From this link:https://homeport.uscg.mil/cgi-bin/st...5e6d5f4d1f0646
(2) the area of the floor in square meters divided by 0.335 (or, the area in square feet
divided by 3.6). This area shall be the clear area of the floor inside the inflated
buoyancy tubes.


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post #237 of 344 Old 02-20-2013
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Re: Newbe with no experience buys big boat

Yes sir, you're right about the USCG rating . . . but I don't care what the USCG says, when people are at sea in my vessel, I'm the one resposible for their safety, and Damato rating for the Pudgey is two "realistically" sized adults.

I think the USCG begins with the premise that the sea will be a millpond and rescue will come in an hour or so. If either of those two conditions are not true, four adults in a Pudgy is insane. Maybe the USCG was bought off by the raft manufacturers a long time ago, but I reject it altogether.

The only way four ADULTS could safety fit inside a Pudgy, in moderate seas, with maybe a full day before EPIRB-guided rescue, is if those four are all celery-chomping vegan fashion models from Beverly Hills. Me alone, I am a red-blooded meat-eating Rush Limbaugh-size chunk of American Manhood, and with me in there, there would be room for one more at the most!

cheers,

Glenn
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post #238 of 344 Old 02-20-2013
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Re: Newbe with no experience buys big boat

I'm a little bit depressed reading about the Pudgy, since it's been on my wishlist for so long. I always thought of it as a tonka-truck dinghy (super tough / oyster proof) that I could drag behind the boat as a liberty launch as well as a lifeboat. But reality is a good thing. I'm not tall (about 5'9" and weigh about 240, the guy I usually sail with IS tall, and weighs about the same... then you add a wife and maybe a kid...)
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post #239 of 344 Old 02-20-2013
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Re: Newbe with no experience buys big boat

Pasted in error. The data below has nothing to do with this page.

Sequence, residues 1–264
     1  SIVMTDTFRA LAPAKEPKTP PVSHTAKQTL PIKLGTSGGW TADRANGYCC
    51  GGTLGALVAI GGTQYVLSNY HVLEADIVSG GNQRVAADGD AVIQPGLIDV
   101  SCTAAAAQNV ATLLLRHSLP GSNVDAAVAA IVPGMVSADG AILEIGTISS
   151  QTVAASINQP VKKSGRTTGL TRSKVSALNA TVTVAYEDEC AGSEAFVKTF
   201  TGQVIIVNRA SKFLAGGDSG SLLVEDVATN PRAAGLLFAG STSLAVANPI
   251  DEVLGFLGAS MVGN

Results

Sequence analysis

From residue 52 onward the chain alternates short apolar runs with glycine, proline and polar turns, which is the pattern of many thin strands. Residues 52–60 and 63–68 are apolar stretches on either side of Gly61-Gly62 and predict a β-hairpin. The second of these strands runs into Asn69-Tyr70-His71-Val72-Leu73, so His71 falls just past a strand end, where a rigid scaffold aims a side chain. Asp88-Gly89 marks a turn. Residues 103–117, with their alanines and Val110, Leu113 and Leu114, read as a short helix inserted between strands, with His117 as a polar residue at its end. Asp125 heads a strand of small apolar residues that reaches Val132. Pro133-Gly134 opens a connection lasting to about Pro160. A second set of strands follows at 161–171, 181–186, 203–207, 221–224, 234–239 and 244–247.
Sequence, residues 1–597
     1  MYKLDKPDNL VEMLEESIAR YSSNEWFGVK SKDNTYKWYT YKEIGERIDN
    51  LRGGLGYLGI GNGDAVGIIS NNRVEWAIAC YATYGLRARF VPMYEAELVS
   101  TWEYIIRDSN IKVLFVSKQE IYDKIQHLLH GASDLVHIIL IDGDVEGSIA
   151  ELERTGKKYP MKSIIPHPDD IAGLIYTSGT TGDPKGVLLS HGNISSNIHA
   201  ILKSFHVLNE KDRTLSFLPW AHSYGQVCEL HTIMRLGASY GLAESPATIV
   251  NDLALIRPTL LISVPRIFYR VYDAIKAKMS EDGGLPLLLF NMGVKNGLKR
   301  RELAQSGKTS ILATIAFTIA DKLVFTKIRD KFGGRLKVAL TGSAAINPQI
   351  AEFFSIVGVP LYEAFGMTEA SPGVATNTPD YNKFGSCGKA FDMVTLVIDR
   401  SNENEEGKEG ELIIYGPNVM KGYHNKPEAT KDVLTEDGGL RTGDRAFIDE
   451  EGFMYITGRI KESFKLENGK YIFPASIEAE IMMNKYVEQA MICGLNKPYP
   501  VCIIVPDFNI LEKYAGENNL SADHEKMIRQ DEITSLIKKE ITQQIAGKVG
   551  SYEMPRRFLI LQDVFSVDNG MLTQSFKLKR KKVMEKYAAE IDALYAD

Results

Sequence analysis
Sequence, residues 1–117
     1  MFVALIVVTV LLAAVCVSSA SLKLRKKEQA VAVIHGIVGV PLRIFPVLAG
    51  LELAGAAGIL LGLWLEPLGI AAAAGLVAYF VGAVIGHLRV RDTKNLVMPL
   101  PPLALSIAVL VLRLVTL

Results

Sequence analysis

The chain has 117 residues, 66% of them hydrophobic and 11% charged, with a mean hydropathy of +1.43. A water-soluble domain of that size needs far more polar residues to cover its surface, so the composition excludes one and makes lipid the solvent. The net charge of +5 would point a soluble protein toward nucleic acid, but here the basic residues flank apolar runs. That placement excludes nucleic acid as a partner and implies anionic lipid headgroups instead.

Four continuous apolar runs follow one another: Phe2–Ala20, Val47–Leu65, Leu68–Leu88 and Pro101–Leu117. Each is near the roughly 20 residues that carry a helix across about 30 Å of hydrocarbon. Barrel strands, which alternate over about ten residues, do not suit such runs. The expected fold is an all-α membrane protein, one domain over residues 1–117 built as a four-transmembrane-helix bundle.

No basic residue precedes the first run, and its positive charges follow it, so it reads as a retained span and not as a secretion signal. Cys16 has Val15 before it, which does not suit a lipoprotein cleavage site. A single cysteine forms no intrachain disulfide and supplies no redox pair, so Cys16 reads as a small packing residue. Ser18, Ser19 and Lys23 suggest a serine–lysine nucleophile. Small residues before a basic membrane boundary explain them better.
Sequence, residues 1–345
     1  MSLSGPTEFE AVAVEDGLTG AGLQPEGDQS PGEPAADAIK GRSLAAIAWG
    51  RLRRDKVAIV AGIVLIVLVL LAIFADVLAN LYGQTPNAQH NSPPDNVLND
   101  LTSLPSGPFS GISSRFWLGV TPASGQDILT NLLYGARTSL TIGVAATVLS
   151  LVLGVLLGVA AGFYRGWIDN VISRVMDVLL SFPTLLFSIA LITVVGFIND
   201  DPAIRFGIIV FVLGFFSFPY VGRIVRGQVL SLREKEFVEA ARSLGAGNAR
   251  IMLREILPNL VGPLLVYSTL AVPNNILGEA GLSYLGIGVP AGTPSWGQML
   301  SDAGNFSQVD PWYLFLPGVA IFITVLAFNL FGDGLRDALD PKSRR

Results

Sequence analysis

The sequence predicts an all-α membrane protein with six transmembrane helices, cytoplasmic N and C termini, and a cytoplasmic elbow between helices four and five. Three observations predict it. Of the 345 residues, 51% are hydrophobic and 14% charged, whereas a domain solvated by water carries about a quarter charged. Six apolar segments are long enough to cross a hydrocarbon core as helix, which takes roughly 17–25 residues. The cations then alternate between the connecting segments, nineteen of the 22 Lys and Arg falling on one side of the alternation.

ShoalFinder: It's a judgement call. You have to consider the kind of sailing you do - where you go, in what kind of weather. What is the worst case scenario? Your vessel sinks in a few minutes, or it catches fire and must be abandoned. What is the worst possible sea state based on when and where you sail? What is a likely range of time to rescue? If you have an EPIRB and are in coastal waters, the USCG can be there in hours. If you are far out to sea, you may need to wait for a commercial vessel to re-route to your area. You may be in for a longer wait: 24 hours, 48 hours, longer. Now, take all the people on your boat. Put them in the Pudgy. Do you feel comfortable with that arrangement given the possible emergency scenarios? The USCG may say "four adults" but I think the skipper has the call. Having used a Pudgy as a tender, UNLESS I was always going to be within 50 nm of the USA and in calm to moderate seas, I would say two adults max, with maybe one SMALL child. To me, outside the range of an almost certain quick rescue, three or more adults aint gonna fly.

Hard dinks as lifeboats in the open ocean have their own problems. I read "Survive the Savage Sea" (Dougal Roberts I think) when I was fourteen - a thrilling read if you haven't already gone through it.

cheers,

Glenn
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post #240 of 344 Old 02-20-2013
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Re: Newbe with no experience buys big boat

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The only way four ADULTS could safety fit inside a Pudgy...is if those four are all celery-chomping vegan fashion models from Beverly Hills.
Taking this in context with your taste in chicks - you may be onto the main reason you should use the Pudgy as a life raft.

So is this your vision of hell: You and Megan stuck in a Pudgy for weeks on end, floating toward Guam and praying for rescue?

Heh-heh.

BTW - I can't get the nighty scene out of my head. [Shudder.] Thanks for that, dude.